ANDREA SEABROOK, host:

This is ALL THINGS CONSIDERED from NPR News. I'm Andrea Seabrook.

Usually, the NFL's Miami Dolphins play their home games in the warm sunshine of Southern Florida. Today, not quite. The cold, nagging rain of London's Wembley Stadium greeted the Dolphins as they fell to the New York Giants 13-to-10. This was the first time the NFL scheduled a regular season game overseas. Of all the major American team sports, football is the only one without a significant global following. And today's experiment was a success. Over 80,000 fans filled the stadium.

I caught up with a few of them as they spilled out into the pub surrounding Wembley.

Dave?

DAVE (Resident, Paris): Yes, hello?

SEABROOK: Hi, how are you?

DAVE: Hey. How are you doing?

SEABROOK: Good. Where are you?

DAVE: I'm in the little pub somewhere outside of Wembley Park.

SEABROOK: Did you go to the game today?

DAVE: Yes. I went to the game.

SEABROOK: And what did you think?

DAVE: It was a little rainy, but Giants won so it's good for me.

SEABROOK: Where are you from, Dave?

DAVE: I live in Paris, but I'm from New York.

SEABROOK: So what's it like watching a football game in London?

DAVE: It's different, definitely different. The fans were - the stadium was packed. Not everybody knew well the rules and everything. But it was pretty cool. It was pretty cool.

SEABROOK: Good. Is there anybody around you that you could pass the phone?

DAVE: Yeah. Hold on. I'll get somebody else. Hold on.

SEABROOK: All right. Cool.

Mr. JAMES HICKERING(ph): Hello.

SEABROOK: Hello, sir.

Mr. HICKERING: Hello. How are you?

SEABROOK: Good. How are you?

Mr. HICKERING: You sound very happy.

SEABROOK: Oh, I am very happy.

Mr. HICKERING: Pardon?

SEABROOK: What's your name?

Mr. HICKERING: What's my name? James Hickering.

SEABROOK: And did you see the game?

Mr. HICKERING: Yes. I went to Wembley. Yeah.

SEABROOK: Did you understand the rules of the game, all the downs and the touchdowns and this stuff?

Mr. HICKERING: Yeah, yeah. I've been following American football for probably about 10, 11 years now, so yeah. I just keep some of my colleagues and friends sort of in tuned in what they're doing. I think there's quite a lot of English people that don't really know what's going on to - amidst, though, I managed to put them straight.

SEABROOK: Oh, yeah. Did a lot of people have to come and ask you what's going on, James?

Mr. HICKERING: Yeah, yeah. It was like a - lots of people would sort of try and compare it to rugby.

SEABROOK: Uh-huh.

Mr. HICKERING: So they were saying if the rules were sort of the same and things like that. So I had to explain it to quite a few people, but …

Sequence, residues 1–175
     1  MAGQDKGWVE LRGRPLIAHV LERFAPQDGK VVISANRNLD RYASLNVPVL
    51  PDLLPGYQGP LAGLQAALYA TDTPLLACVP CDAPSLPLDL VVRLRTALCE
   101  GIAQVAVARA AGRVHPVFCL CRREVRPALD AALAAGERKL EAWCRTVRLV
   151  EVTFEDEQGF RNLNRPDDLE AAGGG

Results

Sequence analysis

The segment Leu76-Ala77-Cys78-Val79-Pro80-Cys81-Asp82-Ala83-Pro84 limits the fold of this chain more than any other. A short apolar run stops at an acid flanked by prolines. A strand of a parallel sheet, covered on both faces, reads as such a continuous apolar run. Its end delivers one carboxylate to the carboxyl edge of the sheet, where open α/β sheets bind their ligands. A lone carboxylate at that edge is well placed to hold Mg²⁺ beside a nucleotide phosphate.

Unidentified Man: Are you going?

Mr. HICKERING: …it's okay.

SEABROOK: James, what was the atmosphere in the stadium like? I mean, were people doing traditionally American cheers? Or were they pulling a couple of rugby ones on you?

Mr. HICKERING: It wasn't like a traditional sort of English soccer game as you would say, whether it's more sort of a tribal thing that they're shouting at the opposition and the opposition players. And there's a lot of mad joking going on then than what was then making football.

SEABROOK: Well, it's exciting to hear that they're branching out across the pond there. What do you - what are the chances do you think of American football being a big splash in Europe?

Mr. HICKERING: Thing that - yeah, we just need to sort of keep the momentum from today really and just take it from there because a part of it being on sort of satellite TV and late night on terrestrial TV then there's not that much exposure to it, to be very honest. But I think that the spectacle of it, if they can keep it full and rather (unintelligible) that, it might take off.

SEABROOK: Thanks for talking to us, James.

Mr. HICKERING: You're welcome.

SEABROOK: A few of the folks who caught today's NFL game at London's Wembley Stadium.

Copyright © 2007 NPR. All rights reserved. Visit our website terms of use and permissions pages at www.npr.org for further information.

NPR transcripts are created on a rush deadline by a contractor for NPR, and accuracy and availability may vary. This text may not be in its final form and may be updated or revised in the future. Please be aware that the authoritative record of NPR’s programming is the audio.

Comments

 

Please keep your community civil. All comments must follow the NPR.org Community rules and terms of use, and will be moderated prior to posting. NPR reserves the right to use the comments we receive, in whole or in part, and to use the commenter's name and location, in any medium. See also the Terms of Use, Privacy Policy and Community FAQ.